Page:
With a little luck, you might be able to find fresh chickpeas or garbanzo beans at a local farmers market in the summer. These green peas inside their fuzzy pods might look pretty different from the canned variety available at most supermarkets, but they’re just the raw, fresh version. Keep reading to learn the difference between raw, fresh, and canned chickpeas.
Garbanzo Beans & Chickpeas
Chickpeas are widely available in cans, dried, or—of course— blended into hummus. All of these products start as fresh chickpeas on a vine.
Chickpeas—or as they are sometimes known, garbanzo beans—were first domesticated almost 7,000 years ago in Western Asia. Today, they are grown almost everywhere in the world. The earliest hummus recipe we have is from the 13th century, but it’s a good bet people were eating some version of mashed up chickpeas long before then.
Chickpeas are a staple of many global cuisines. They’re the star of hummus and falafel. You’ll find dried chickpeas in Middle Eastern salads, Spanish tapas, Portuguese soups, Philippine desserts, and Indian dishes like chana masala. Dried chickpea flour is also a key ingredient in a traditional French flatbread from Nice, socca, and in the Indian fritters called pakoras.
Farmers across Europe and Asia have cultivated chickpeas for centuries, but it’s a relatively newer crop in the U.S. The American chickpea harvest saw a huge spike 2012, when it increased by more than 50 percent from the year before. Currently, most American chickpeas are grown in the Pacific Northwest.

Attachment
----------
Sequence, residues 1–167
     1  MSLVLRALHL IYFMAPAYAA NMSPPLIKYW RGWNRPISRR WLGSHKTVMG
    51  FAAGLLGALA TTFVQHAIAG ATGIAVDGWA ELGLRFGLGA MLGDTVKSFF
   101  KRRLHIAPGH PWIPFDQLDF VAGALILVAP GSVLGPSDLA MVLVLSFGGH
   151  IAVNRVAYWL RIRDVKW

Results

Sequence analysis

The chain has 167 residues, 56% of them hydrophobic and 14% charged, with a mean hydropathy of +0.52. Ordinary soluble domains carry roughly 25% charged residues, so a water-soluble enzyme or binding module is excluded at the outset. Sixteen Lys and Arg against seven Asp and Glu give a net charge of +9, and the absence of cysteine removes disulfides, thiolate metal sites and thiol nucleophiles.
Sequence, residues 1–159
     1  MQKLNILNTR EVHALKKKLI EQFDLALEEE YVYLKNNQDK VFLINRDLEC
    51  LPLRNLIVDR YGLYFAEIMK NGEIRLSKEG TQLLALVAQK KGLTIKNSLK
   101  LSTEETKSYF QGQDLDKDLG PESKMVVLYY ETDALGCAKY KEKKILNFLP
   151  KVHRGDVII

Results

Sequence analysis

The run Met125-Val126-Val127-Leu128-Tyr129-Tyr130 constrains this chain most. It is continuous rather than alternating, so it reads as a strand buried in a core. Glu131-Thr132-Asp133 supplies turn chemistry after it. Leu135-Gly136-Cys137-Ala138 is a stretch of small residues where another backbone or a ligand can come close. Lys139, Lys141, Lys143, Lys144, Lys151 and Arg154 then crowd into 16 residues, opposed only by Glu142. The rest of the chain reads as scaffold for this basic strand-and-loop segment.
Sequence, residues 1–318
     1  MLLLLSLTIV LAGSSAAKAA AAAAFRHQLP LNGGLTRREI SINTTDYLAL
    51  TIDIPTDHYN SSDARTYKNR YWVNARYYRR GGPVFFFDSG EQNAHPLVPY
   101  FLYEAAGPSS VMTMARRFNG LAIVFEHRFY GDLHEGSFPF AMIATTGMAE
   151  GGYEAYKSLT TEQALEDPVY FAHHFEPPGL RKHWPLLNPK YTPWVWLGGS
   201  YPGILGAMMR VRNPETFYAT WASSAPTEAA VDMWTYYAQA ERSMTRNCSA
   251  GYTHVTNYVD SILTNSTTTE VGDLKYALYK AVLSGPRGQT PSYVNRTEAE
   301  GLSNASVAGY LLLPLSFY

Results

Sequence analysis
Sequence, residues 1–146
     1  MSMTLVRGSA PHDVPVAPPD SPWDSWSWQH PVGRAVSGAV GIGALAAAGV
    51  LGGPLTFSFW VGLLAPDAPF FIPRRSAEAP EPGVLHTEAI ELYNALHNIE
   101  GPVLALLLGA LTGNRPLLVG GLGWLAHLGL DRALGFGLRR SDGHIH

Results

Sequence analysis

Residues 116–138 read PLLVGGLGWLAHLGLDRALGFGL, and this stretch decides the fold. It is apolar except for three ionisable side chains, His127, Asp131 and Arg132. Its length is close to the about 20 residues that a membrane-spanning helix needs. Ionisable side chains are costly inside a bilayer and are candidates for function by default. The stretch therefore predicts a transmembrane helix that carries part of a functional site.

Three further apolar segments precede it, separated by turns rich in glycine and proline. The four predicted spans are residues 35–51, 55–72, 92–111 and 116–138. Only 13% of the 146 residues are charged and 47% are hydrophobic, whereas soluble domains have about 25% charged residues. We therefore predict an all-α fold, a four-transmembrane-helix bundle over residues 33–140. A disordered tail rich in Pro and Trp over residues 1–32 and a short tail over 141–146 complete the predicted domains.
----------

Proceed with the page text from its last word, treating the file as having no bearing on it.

How to Cook Fresh Garbanzo Beans
Fresh garbanzo beans need to be cooked. On their own, the raw peas would be difficult to digest. Cooking green chickpeas is simple. Just cover them in two inches of water and simmer for 25-35 minutes. A longer cooking time will yield softer, creamier beans perfect for hummus or soups. A shorter cooking time will result in firmer beans better suited for salads. Check the pot occasionally to make sure that the water hasn’t boiled away.
Read more: Mushroom & Sweet Potato Shepherd’s Pie with Fresh Green Garbanzo Beans
Dried Chickpeas vs Canned
Fresh chickpeas are picked while they are still green and in the pod. Dried chickpeas are left on the vine until both the plant and the bean have dried out. Dried garbanzo beans are usually the ones that get cooked and canned or turned into hummus.
Canned chickpeas are cooked and seasoned with salt prior to canning. Dried chickpeas are sold in a raw, dehydrated form. Before serving at home, they’ll need to be both rehydrated and cooked. This can be done by soaking the chickpeas in water for several hours before cooking, or by simmering over low heat for an extended time (exact time may vary depending on the age and dryness of the beans).
Canned chickpeas are ready to eat at a moments notice. This makes them useful solutions for a quick meal. Dried chickpeas have the advantage of being very inexpensive, and giving the cook more control to choose their desired texture and to add their own seasonings. Both options can lead to amazing meals.
Find your new favorite chickpea recipe in the Blue Apron Cookbook.